WH: Captured ISIS leaders being handled case by case

Printed from: https://newbostonpost.com/2016/03/04/wh-captured-isis-leaders-being-handled-case-by-case/

(CNSNews.com) – At President Obama’s direction, the U.S. military is sending expeditionary teams to capture and interrogate Islamic State leaders in Iraq and Syria, but instead of sending them to Guantanamo Bay, these enemies of the United States are being handled on a case by case basis.

One ISIS operative captured last May — a woman named Umm Sayyaf — “is currently in the Kurdish criminal justice system,” White House spokesman Josh Earnest told reporters on Wednesday.

“I think what the Department of Defense will tell you is that they’ll have to make their own determinations about the best way to handle these individual cases,” Earnest said.

For security reasons, he refused to discuss the details of any recent U.S. raids, except for the one in Syria last May, where U.S. Special Operators killed ISIS leader Abu Sayyaf and captured his wife, Umm Sayyaf. Defense Secretary Ash Carter said at the time that Umm Sayyaf played an important role in ISIL’s terrorist activities.  She is suspected of enslaving young women, including American Kayla Mueller, who later died in captivity.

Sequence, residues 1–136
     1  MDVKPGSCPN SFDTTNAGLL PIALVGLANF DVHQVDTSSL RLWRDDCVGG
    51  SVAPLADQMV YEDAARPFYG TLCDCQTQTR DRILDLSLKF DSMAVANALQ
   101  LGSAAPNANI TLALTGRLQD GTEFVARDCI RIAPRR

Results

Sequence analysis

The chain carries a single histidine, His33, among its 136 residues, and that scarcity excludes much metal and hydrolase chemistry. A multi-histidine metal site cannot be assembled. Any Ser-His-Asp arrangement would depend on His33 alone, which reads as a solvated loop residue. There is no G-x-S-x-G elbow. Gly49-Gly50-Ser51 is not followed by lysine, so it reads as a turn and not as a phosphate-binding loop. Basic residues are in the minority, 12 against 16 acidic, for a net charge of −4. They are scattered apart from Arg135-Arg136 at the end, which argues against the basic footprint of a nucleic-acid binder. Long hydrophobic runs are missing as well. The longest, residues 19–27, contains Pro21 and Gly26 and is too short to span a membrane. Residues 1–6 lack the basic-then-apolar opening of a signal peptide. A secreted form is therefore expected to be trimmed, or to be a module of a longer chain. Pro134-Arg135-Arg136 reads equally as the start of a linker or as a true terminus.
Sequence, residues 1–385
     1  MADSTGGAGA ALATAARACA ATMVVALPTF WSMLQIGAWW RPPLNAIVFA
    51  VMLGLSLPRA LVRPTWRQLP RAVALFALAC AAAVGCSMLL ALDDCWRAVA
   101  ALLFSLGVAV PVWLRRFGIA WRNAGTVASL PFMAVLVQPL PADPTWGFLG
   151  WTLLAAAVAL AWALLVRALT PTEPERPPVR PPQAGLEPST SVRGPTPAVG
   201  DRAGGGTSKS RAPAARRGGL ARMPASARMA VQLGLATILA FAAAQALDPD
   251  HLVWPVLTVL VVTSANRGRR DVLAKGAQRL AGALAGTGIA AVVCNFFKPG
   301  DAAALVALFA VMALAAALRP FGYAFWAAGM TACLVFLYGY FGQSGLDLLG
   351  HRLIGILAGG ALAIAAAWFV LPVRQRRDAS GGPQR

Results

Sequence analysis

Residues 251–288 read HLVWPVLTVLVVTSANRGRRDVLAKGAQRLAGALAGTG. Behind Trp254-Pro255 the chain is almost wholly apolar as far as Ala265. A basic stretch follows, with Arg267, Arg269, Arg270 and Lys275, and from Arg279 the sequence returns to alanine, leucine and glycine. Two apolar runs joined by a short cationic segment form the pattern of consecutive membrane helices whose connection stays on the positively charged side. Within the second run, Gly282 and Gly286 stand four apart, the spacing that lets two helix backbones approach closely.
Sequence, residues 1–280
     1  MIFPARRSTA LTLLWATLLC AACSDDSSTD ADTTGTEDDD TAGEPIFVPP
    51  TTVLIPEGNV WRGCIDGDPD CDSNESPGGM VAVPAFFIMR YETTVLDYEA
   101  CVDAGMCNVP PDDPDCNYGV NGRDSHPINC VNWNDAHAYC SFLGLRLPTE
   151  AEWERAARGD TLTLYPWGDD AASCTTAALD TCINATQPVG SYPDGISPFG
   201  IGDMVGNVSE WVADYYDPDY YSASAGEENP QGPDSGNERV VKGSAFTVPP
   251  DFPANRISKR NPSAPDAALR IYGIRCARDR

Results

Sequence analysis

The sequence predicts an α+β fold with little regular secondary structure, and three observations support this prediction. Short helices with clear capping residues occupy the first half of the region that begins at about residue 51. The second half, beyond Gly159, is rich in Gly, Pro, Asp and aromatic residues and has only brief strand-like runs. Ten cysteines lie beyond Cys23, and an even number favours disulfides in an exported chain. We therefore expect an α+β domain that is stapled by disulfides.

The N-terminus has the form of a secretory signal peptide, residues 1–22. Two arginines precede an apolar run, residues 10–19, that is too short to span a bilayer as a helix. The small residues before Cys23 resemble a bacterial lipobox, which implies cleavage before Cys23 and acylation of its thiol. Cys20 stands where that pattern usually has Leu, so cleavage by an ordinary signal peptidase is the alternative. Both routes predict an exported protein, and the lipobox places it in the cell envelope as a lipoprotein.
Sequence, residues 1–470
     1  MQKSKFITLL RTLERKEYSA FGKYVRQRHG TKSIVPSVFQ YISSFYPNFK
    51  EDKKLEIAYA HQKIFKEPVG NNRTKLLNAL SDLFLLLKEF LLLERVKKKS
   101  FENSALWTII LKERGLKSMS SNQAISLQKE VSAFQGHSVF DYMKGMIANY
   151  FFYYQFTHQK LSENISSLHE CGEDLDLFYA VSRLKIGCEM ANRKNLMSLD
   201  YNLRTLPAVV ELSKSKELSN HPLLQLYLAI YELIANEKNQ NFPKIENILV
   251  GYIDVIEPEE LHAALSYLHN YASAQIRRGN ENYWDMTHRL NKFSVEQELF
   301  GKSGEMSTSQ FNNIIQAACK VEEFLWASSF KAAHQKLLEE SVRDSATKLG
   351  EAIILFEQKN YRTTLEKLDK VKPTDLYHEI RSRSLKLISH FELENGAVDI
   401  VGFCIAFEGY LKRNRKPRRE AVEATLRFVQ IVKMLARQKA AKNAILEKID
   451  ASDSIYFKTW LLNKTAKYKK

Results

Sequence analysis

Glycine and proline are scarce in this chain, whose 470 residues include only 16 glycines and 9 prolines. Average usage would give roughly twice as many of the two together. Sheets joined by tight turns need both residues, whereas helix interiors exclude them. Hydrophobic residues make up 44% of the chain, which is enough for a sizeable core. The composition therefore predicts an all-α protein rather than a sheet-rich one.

Press reports on Wednesday said U.S. Special Operators are now interrogating an ISIS leader who was seized in Northern Iraq last month. “It is believed to be the first case of a top ISIS militant captured alive in that country,” the British newspaper The Guardian reported.

“At this point, I can’t discuss the details of any missions, particularly when it comes to risking operational security,” Earnest told reporters on Wednesday. But I can tell you that one of the goals of this expeditionary task force is to…capture ISIL leaders, but these operations will be carried out in coordination and in partnership with the government of Iraq.